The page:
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MEPs Advocate for Stricter EU Regulations to Diminish Textile and Food Waste

MEPs Advocate for Stricter EU Regulations to Diminish Textile and Food Waste

Food Waste
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  • More ambitious 2030 targets to reduce food waste
  • Producers to have greater responsibility for textile products, clothing and footwear
  • 60 million tonnes of food waste and 12.6 million tonnes of textile waste are generated annually in the EU
  • Less than 1% of all textiles worldwide are recycled into new products

On Wednesday, Parliament adopted its proposals to better prevent and reduce waste from food and textiles across the EU.

MEPs adopted their first reading position on the proposed revision of the Waste Framework with 514 votes in favour, 20 against and 91 abstentions.

Tougher objectives to cut down food waste

They propose higher binding waste reduction targets to be met at national level by 31 December 2030 – at least 20% in food processing and manufacturing (instead of 10% proposed by the Commission) and 40% per capita in retail, restaurants, food services and households (instead of 30%). Parliament also wants the Commission to evaluate if higher targets for 2035 (at least 30% and 50% respectively) should be introduced, and if so, asks them to come up with a legislative proposal.

Producers to cover costs for collecting, sorting and recycling waste textiles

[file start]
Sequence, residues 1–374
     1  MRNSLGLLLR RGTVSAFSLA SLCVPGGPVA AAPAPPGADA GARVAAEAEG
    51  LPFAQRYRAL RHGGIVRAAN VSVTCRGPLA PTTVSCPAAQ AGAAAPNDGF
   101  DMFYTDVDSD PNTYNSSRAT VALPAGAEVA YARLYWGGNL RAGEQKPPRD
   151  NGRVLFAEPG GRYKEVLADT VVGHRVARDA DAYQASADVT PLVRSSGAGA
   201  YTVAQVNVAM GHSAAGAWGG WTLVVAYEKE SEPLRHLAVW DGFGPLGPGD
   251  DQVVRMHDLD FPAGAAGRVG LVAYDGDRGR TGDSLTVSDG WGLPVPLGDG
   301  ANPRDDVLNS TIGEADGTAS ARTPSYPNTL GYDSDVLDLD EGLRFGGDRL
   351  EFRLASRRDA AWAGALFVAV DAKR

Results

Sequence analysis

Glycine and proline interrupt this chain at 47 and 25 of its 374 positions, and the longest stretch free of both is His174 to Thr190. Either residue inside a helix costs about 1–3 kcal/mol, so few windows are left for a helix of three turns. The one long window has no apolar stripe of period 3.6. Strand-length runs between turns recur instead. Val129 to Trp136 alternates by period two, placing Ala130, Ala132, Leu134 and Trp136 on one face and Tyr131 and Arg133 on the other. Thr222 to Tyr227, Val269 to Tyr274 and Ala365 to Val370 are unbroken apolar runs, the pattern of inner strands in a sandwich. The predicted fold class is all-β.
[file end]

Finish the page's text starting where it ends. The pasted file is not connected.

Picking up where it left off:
MEPs agree to extend producer responsibility (EPR) schemes, through which producers that sell textiles in the EU would have to cover the costs for collecting, sorting and recycling them separately. Member states would have to establish these schemes 18 months after the entry into force of the directive (compared to 30 months proposed by the Commission). The new rules would cover products such as clothing and accessories, blankets, bed linen, curtains, hats, footwear, mattresses and carpets, including products that contain textile-related materials such as leather, composition leather, rubber or plastic.

Related Article: New EU Legislation to Tackle Textiles and Food Waste, Advancing Circular Economy

Rapporteur Anna Zalewska (ECR, PL) said: “Parliament has come up with targeted solutions to reduce food waste, such as promoting “ugly” fruits and veggies, keeping an eye on unfair market practices, clarifying date labelling and donating unsold-but-consumable food. For textiles, we also want to include non-household products, carpets and mattresses, as well as sales via online platforms.


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